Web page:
Australians have witnessed considerable rewriting of the political rulebook over the past decade.

Mark Latham ran an unconventionally hokey campaign in 2004 that almost got him elected. He focussed on populist issues such as MPs’ superannuation and reading to children, when the rulebook says that oppositions should stick to the big policy issues like the economy and health.

That same election, John Howard unashamedly and un-ironically used “trust” to beat Latham. The rulebook says he should have avoided this political battleground when the community clearly had their own trust issues with the then-PM.

New rules were written in 2007 when Kevin Rudd barnstormed the election with his “me too” campaign, promising to be Howard-lite with added features like the ratification of Kyoto and the scrapping of WorkChoices. Never before had a politician offered to be “the same, but better” than his opponent. It was however the perfect pitch for Howard-weary voters looking for another safe pair of hands to run the economy.

And now, Tony Abbott is defying all known rules on negative campaigning by running the longest anti-campaign any of us have ever witnessed. The success of that strategy is yet to be borne out.

Perhaps the most “bent but not broken” rule in the political playbook to date, is that which says history is written by the victor. I mention this because of the concerted effort being made by the Rudd camp to re-play the Howard trust card, and claim that Julia Gillard lost the trust of the Australian community by wresting the Prime Ministership from Kevin Rudd in 2010.

This narrative might suit the combatants’ purposes, but it’s not backed by the facts.

Support for the Labor Government increased after Julia Gillard became leader, from 52% before the change in Prime Ministership, to 53% after the change and 55% two weeks after that. Similarly, support for PM Rudd as preferred Prime Minister was 46% prior to the change, and then for PM Gillard was 53%, increasing to 57% two weeks later.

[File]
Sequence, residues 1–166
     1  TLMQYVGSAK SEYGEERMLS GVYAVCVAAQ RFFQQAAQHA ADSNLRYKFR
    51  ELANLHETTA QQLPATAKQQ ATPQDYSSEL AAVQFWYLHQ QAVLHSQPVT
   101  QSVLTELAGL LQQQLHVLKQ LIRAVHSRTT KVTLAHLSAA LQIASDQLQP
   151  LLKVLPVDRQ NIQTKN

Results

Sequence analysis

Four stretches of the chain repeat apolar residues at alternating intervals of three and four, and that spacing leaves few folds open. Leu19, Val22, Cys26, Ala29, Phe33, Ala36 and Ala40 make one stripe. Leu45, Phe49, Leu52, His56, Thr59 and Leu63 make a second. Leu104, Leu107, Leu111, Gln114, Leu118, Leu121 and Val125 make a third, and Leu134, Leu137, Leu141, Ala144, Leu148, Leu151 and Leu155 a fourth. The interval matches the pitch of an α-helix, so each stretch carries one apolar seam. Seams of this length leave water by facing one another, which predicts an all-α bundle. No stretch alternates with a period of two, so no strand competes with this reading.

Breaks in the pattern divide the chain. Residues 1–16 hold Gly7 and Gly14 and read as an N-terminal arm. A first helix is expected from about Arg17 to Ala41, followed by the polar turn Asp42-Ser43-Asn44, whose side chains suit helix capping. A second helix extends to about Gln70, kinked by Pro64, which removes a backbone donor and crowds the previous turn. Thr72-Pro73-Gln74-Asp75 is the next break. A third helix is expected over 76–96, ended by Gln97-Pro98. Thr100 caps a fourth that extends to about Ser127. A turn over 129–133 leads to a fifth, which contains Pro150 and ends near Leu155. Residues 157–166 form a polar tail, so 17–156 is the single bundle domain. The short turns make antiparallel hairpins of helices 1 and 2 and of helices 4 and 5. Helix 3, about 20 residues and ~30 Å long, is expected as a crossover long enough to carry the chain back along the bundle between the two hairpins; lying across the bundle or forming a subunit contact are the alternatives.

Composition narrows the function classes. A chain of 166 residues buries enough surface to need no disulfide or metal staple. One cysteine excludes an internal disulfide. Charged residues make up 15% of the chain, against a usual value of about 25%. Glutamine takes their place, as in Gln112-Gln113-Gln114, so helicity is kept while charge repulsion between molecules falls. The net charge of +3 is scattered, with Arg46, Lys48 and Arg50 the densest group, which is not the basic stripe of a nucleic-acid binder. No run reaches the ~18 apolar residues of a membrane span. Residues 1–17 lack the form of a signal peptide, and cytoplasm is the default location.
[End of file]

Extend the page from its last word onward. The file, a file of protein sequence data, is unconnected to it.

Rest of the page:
So, up to three weeks after the “coup”, the Australian people were swinging back to the Labor Government and Julia Gillard as PM. Surely if there was outrage or resentment about the way in which Kevin Rudd was dispatched, it would have emerged in the opinion polls. But no, it did not.

The polls did dive three weeks after the change in leadership, but not because of any perceived poor treatment of Rudd. The polls dived because the Australian community realised they’d be sold a pup. Not once, but twice.

I’ve written before that people lost faith in Rudd because his promise to be Howard-lite proved to be empty. Rudd created the expectation but did not deliver. While he promised to be a man of action, he proved to be a man of indecision, committees and reviews.  Rudd proved to be nothing like Howard, showing none of the former PM’s ability to provide a narrative to give meaning to the government’s efforts. Nor could he speak like Howard to the community, in a language they understood.

So, in June 2010 the Australian community were well on the way to understanding that they’d been conned by Kevin Rudd. That’s why there was no uproar when he was deposed. Instead there was a cautious optimism that maybe the Labor Party had made a necessary course correction.

The shattering of that optimism is the reason why Julia Gillard no longer has the faith of the Australian people.

Julia Gillard became Prime Minister promising to resolve three issues: Australia’s response to climate change; the battle with the mining industry over the Resource Super Profit Tax; and a more humane approach to sea-borne asylum seekers.

On 2 July PM Gillard announced a resolution to the mining resource tax that was reported by the media as being a backdown. Then on 6 July 2010 the PM made a strong speech to the Lowy Institute committing to solve the issues relating to boat-borne asylum seekers. Even though her asylum-seeker solution was scuttled shortly after, the public remained optimistic and the PM registered her highest approval rating (57% on 16-18 July 2010).

But on 23 July 2010 PM Gillard announced that her government would create a citizens’ assembly of ”real Australians” to investigate the science of climate change and consequences of emissions trading, under a plan to build a national consensus for a carbon price. This proposal was widely derided as setting climate policy by public opinion instead of science, and a further repudiation of the emissions trading scheme shelved by Kevin Rudd as Prime Minister.